PS4 Architect Doesn’t Believe Cloud Can Boost Graphics
We are entering the culmination of the next generation of gaming consoles, and as the generation moves forward, so must the technology. As the booming presence of online gaming defined the seventh generation, it is cloud processing that is making a bid to define the eighth generation.
Using the internet in ways that we never though possible before, we can improve the gaming experience for everyone by taking some of the work off of the console and having it done by the cloud of computers on the internet.
One of the things that has been promised from the cloud is the ability to boost the graphical quality of a game beyond the limitations of the hardware on the console playing that game.
Now we’ve seen services like Gaikai and OnLive that stream high quality graphics to you, but can we actually use the cloud to make the graphics better? Mark Cerny, an architect who helped design the PS4, doesn’t think so. In the above interview with IGN he points out what can and can’t be done with the cloud, and why he doesn’t have hopes for the cloud being used to make games look better.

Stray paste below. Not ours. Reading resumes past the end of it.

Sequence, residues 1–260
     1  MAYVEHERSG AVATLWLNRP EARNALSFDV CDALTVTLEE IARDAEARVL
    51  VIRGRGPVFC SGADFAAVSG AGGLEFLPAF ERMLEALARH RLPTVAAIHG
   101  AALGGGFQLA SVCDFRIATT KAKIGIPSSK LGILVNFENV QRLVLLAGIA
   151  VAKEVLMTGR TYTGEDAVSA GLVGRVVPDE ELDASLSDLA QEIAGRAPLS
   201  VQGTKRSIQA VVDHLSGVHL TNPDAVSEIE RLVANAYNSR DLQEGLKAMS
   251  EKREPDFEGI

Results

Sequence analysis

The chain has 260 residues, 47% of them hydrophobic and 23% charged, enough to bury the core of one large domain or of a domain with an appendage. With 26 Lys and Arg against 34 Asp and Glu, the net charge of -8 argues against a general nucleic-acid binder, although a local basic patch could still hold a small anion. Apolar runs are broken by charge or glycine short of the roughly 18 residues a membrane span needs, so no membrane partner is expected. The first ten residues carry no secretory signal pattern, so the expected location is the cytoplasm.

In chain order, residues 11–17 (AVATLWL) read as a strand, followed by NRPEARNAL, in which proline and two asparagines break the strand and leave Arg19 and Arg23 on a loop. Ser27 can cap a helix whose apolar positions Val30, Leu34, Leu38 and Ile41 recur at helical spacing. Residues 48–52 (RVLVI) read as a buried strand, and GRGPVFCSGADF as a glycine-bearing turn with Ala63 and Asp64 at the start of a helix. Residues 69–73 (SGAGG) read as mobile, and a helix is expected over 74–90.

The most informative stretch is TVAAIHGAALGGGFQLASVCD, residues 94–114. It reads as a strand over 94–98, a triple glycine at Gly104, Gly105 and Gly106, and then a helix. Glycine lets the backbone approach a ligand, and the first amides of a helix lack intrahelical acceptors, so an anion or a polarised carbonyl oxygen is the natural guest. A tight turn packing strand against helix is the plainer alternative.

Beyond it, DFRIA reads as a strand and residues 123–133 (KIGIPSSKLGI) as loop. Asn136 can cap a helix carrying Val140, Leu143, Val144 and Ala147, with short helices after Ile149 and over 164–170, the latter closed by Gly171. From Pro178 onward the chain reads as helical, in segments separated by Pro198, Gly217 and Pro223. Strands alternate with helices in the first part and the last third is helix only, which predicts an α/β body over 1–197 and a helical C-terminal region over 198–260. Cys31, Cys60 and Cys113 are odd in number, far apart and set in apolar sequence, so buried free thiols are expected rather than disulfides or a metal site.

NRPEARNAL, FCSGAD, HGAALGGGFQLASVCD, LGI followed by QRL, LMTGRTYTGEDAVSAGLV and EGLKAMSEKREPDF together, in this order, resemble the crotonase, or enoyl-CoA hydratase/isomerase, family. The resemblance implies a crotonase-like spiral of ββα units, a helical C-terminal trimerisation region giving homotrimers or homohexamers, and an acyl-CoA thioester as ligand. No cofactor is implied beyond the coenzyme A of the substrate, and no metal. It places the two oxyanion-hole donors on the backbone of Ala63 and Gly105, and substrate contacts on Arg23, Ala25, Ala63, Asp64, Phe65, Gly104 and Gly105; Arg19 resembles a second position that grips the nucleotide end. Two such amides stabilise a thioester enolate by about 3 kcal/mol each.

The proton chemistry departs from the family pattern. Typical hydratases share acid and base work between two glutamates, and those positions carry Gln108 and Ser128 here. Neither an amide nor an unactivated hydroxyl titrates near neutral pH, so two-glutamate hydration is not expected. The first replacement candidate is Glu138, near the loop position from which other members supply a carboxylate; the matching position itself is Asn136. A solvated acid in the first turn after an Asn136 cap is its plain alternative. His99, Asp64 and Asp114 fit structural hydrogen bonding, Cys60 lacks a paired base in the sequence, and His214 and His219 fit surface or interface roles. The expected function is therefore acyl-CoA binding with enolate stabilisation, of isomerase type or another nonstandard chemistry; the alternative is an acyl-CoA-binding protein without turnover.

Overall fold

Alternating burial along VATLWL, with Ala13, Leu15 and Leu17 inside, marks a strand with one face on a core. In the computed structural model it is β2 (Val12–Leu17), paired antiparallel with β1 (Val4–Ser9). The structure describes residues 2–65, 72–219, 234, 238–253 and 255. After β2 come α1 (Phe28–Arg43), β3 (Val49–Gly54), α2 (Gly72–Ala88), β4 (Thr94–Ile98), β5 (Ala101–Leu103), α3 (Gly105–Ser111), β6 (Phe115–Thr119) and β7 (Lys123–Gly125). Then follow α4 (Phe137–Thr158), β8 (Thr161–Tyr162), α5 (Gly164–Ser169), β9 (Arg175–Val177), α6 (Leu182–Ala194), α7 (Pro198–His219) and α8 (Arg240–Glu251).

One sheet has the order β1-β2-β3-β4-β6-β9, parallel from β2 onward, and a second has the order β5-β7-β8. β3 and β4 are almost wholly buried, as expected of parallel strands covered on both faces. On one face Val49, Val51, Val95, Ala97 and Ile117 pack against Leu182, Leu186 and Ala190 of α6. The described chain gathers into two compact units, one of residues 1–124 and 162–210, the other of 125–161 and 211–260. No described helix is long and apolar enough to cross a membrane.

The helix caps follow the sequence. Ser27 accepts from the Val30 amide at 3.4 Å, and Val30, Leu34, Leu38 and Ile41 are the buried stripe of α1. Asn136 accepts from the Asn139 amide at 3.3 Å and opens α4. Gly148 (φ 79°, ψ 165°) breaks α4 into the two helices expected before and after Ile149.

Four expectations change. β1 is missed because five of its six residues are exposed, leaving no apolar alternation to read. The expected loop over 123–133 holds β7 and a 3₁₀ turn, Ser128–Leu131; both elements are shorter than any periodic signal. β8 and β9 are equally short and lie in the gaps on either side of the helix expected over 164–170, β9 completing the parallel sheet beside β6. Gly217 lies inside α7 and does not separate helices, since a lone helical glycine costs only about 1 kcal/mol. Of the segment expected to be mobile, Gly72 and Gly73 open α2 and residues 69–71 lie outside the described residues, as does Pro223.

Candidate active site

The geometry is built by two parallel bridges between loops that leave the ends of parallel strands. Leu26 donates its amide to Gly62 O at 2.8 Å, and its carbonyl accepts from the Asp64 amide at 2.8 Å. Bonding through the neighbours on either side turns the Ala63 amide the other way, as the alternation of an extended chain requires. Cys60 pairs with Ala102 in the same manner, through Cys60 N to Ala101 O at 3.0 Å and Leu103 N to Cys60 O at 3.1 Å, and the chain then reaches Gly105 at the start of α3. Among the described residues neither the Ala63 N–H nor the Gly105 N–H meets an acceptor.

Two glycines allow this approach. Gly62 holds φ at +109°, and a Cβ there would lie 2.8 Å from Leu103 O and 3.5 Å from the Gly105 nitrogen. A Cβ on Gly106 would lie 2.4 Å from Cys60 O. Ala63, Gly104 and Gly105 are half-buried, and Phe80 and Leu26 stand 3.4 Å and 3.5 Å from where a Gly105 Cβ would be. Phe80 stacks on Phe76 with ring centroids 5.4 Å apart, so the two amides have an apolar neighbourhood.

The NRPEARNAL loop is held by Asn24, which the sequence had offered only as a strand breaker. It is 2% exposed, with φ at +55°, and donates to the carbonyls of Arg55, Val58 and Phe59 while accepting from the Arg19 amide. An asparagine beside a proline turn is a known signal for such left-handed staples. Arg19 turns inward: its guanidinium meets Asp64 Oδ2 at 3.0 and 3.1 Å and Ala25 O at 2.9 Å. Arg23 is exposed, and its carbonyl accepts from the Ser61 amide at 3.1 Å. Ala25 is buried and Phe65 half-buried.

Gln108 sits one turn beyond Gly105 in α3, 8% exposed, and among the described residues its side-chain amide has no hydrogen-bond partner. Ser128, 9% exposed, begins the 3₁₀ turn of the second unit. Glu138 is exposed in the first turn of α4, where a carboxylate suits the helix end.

To the extent that it’s possible to do computing in the cloud, the PlayStation 4 can do computing in the cloud. Today matchmaking is done in the cloud and it’s done very well. If we think about things that don’t work well; trying to boost the quality of the graphics…that won’t work well in the cloud
It sounds somewhat admonishing when you hear Cerny say those words. The cloud is capable of some fantastic things, but it is still a limited service when you think about it.
The kind of computing that needs to be done in the cloud in order to boost graphics could potentially be possible so long as the user has a good enough internet connection to constantly receive all that data.
Users like myself who are still stuck with less than 1MB connection aren’t going to be able to do all that. It’s a wonderful promise to make, and it has potential, but it still alienates a large number of users who don’t have access to the kind of internet connection that this much cloud computing would demand.